Black God’s Kiss

In which a medieval warrior princess will stop at nothing — not even the gates of Hell itself — in order to prevent the conquest of her lands.

By C. L. Moore

First published in 1934

Anthologized in Black God’s Kiss

FAUSTUS: Come, I think hell’s a fable.
MEPHISTOPHILIS*: Ay, think so still, till experience change thy mind.

Christopher Marlowe, Dr. Faustus

Catherine Lucille Moore had no respect for the standard boundaries drawn around literary genres by writers, editors, and readers. She happily upended the expectations of her audience, and they loved it.

For example, her Northwest Smith stories were a mashup of space opera and the Gothic, set in a colonized solar system that seems like something cooked up by Edgar Rice Burroughs working in collaboration with H. P. Lovecraft.  And her Jirel of Joiry series — of which “Black God’s Kiss” is the first installment — presents us with a ferocious and intelligent warrior princess who’s the opposite of Conan the barbarian in all ways.

Tall as a man, red-haired, possessed of a pair of “lion-yellow” eyes, and skilled in hand-to-hand combat, Jirel comes across as a combination of Christina Hendricks during her Firefly period and Milla Jovovich in any of those two hundred (or so) Resident Evil movies, with armor added.

Set in a French principality during an unspecified part of the Middle Ages, “Black God’s Kiss” begins with our heroine in a tight spot. Her territory has just fallen to an arrogant conqueror referred to only as “Guillaume,” perhaps as a reference to “Guillaume le Conquérant.” It’s clear — as clear as it can be in a Weird Tales story from the 1930s –that his intentions toward her are less than honorable. In no time flat, Jirel is imprisoned, and Guillaume is off getting snookered with his buddies, looking forward to having his unpleasant way with her.

This might get a conventional heroine down, but not Jirel. Escaping from her dungeon room with a bit of well-timed blunt force trauma, she enlists the aid of the family’s priest, Father Gervase, from whom she needs a benediction.  That blessing is prophylactic, because Jirel’s plan involves (a) traveling to Hell via a secret portal within the castle, and (b) returning with an infernal weapon with which she can destroy Guillaume.

For a scheme cooked up under duress, you have to admit that this shows real originality.

The section of “Black God’s Kiss” in which Moore describes the process of going to Hell is outstanding. It’s an example of Moore’s blender approach to fantastic fiction, because its effect is very much science-fictional — the journey to the underworld conceived as travel between parallel universes:

“It was a long way down. Before she had gone very far the curious dizziness she had known before came over her again, a dizziness not entirely induced by the spirals she whirled around, but a deeper, atomic unsteadiness as if not only she but also the substances around her were shifting. There was something queer about the angles of those curves. She was no scholar in geometry or aught else, but she felt intuitively that the bend and slant of the way she went were somehow outside any other angles or bends she had ever known. They led into the unknown and the dark, but it seemed to her obscurely that they led into deeper darkness and mystery than the merely physical, as if, though she could not put it clearly even into thoughts, the peculiar and exact lines of the tunnel had been carefully angled to lead through poly-dimensional space as well as through the underground — perhaps through time, too.”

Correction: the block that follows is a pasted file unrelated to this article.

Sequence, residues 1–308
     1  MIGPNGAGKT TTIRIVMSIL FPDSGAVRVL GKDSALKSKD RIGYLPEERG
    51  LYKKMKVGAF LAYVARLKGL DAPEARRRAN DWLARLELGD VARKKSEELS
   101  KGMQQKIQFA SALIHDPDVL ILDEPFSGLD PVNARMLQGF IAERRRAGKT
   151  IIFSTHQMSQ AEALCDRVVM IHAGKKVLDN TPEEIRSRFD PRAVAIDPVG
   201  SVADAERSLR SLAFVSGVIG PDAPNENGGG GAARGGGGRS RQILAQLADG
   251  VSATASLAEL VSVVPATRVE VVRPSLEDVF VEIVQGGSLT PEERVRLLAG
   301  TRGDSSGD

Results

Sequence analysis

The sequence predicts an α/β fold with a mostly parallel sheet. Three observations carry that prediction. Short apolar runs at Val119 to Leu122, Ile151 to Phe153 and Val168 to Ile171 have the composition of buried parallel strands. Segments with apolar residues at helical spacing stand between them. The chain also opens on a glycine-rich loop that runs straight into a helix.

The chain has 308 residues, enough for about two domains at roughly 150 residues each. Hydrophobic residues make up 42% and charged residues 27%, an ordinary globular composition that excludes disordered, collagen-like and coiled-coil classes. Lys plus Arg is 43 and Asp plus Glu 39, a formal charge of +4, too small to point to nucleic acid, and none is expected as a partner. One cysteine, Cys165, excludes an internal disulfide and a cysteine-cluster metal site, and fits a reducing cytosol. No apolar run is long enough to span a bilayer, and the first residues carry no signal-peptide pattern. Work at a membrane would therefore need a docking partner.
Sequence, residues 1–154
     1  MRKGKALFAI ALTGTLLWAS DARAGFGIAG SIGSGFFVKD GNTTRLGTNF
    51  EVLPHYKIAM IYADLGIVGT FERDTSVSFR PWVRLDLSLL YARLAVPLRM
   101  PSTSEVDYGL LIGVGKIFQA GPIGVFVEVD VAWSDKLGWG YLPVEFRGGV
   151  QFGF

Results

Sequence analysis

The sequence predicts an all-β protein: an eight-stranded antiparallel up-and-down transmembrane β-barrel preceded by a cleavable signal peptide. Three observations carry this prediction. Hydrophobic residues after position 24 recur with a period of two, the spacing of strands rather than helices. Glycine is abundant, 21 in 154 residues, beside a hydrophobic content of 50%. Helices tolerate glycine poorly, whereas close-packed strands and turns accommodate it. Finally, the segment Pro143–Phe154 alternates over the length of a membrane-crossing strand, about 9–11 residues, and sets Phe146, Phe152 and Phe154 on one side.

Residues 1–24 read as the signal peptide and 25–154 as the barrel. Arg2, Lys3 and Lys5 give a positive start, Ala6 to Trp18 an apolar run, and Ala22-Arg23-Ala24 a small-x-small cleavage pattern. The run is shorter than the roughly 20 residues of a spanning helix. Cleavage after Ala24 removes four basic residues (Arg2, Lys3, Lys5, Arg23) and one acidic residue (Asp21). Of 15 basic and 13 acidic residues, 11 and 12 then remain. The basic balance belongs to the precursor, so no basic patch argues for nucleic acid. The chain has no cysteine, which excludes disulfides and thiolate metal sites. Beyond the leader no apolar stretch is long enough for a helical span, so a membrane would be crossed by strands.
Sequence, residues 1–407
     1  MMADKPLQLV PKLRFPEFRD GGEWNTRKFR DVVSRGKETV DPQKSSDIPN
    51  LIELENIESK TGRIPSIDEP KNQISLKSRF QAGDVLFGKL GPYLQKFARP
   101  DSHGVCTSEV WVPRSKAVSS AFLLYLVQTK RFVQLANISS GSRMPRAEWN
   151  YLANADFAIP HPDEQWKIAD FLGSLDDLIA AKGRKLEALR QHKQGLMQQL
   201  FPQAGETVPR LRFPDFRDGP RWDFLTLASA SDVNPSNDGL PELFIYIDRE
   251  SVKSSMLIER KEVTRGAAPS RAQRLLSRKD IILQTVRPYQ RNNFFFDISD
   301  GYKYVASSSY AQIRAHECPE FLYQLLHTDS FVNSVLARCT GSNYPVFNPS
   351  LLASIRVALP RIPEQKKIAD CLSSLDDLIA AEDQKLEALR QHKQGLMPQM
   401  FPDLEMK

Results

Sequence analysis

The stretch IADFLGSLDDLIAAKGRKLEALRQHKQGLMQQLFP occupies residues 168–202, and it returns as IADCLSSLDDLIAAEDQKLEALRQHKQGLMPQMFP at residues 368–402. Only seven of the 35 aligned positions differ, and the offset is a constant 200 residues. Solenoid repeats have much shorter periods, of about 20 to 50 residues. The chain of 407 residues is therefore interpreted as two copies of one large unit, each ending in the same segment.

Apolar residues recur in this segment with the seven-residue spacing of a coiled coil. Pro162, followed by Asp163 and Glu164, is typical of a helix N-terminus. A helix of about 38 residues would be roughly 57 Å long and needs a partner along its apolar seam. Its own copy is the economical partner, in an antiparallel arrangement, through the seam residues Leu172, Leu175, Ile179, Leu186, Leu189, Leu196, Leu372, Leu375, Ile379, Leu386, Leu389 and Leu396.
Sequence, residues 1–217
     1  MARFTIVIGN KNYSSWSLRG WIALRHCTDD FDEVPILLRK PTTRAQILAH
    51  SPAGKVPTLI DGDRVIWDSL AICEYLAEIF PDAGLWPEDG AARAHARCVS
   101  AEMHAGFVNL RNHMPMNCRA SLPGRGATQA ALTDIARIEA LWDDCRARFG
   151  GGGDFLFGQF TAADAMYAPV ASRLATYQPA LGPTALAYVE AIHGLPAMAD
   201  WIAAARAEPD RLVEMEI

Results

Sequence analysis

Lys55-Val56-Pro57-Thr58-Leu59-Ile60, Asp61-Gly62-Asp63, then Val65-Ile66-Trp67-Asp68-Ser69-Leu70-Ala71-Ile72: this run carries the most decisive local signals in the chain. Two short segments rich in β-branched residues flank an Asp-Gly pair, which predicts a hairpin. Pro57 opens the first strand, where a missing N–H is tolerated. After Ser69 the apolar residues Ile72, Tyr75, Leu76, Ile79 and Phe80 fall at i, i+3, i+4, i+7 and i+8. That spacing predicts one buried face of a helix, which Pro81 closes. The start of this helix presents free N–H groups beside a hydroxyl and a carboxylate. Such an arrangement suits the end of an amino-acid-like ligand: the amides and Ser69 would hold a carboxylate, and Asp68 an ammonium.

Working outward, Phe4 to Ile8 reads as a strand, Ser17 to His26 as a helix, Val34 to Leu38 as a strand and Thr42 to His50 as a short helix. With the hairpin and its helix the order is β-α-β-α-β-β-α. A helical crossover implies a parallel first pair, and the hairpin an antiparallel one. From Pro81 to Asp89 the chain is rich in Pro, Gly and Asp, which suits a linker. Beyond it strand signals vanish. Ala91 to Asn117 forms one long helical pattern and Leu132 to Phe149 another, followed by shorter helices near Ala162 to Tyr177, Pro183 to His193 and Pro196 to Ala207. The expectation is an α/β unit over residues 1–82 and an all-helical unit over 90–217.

Only the TARDIS is missing.

Once Jirel arrives, she finds herself in a realm obviously based upon Dante and Bosch, but also containing huge dollops of planetary romance.  Hell’s landscape is like that of an exotic world far away in space, hostile and unknown, but oddly familiar, despite its sky full of strange stars and garish unknown planets.  The gravity is less in Hell than it is on Earth, allowing Jirel to skim across its unkempt meadows, their tall grasses home to “obscene” little animals who make noises that Jirel finds revolting, and which she kills in great numbers.** The imagery is a perfect blending of medieval high culture and pulp.

The most disturbing — and affecting — sequences in “Black God’s Kiss” concern the lost souls that Jirel encounters. They’re trapped in a number of quasi- or non-human forms, and their behavior is catatonic. As tough as she is, Jirel is as moved by these beings as she is repulsed.

In time, Jirel encounters a demon, under conditions that the producers of any 1930s Technicolor musical would have appreciated.  This demon grants Jirel a gift, the weapon she’ll use against Guillaume. As with all such gifts, however, there’s a price attached, one that Jirel could not forsee.

Some critics have described C. L. Moore as a proto-feminist, and there’s truth to that assertion. The ending to “Black God’s Kiss” is certainly not feminist, however, at least not feminist in Second Wave terms.

Be that as it may, “Black God’s Kiss” is a vivid story that will stay with you, as it has with me. And C. L. Moore is, in terms of literary ability, the finest author to appear in Weird Tales during its classic period. I hope that Lovecraft, Smith, and Howard were paying close attention.  I think they were.


*I know that we usually spell it “Mephistopheles,” nowadays.  Marlow spelled it “Mephistophilis,” and I’m not about to argue with him, OK?
** “They died squashily,” Moore informs us, coining a word that in a fair world would now be in widespread use.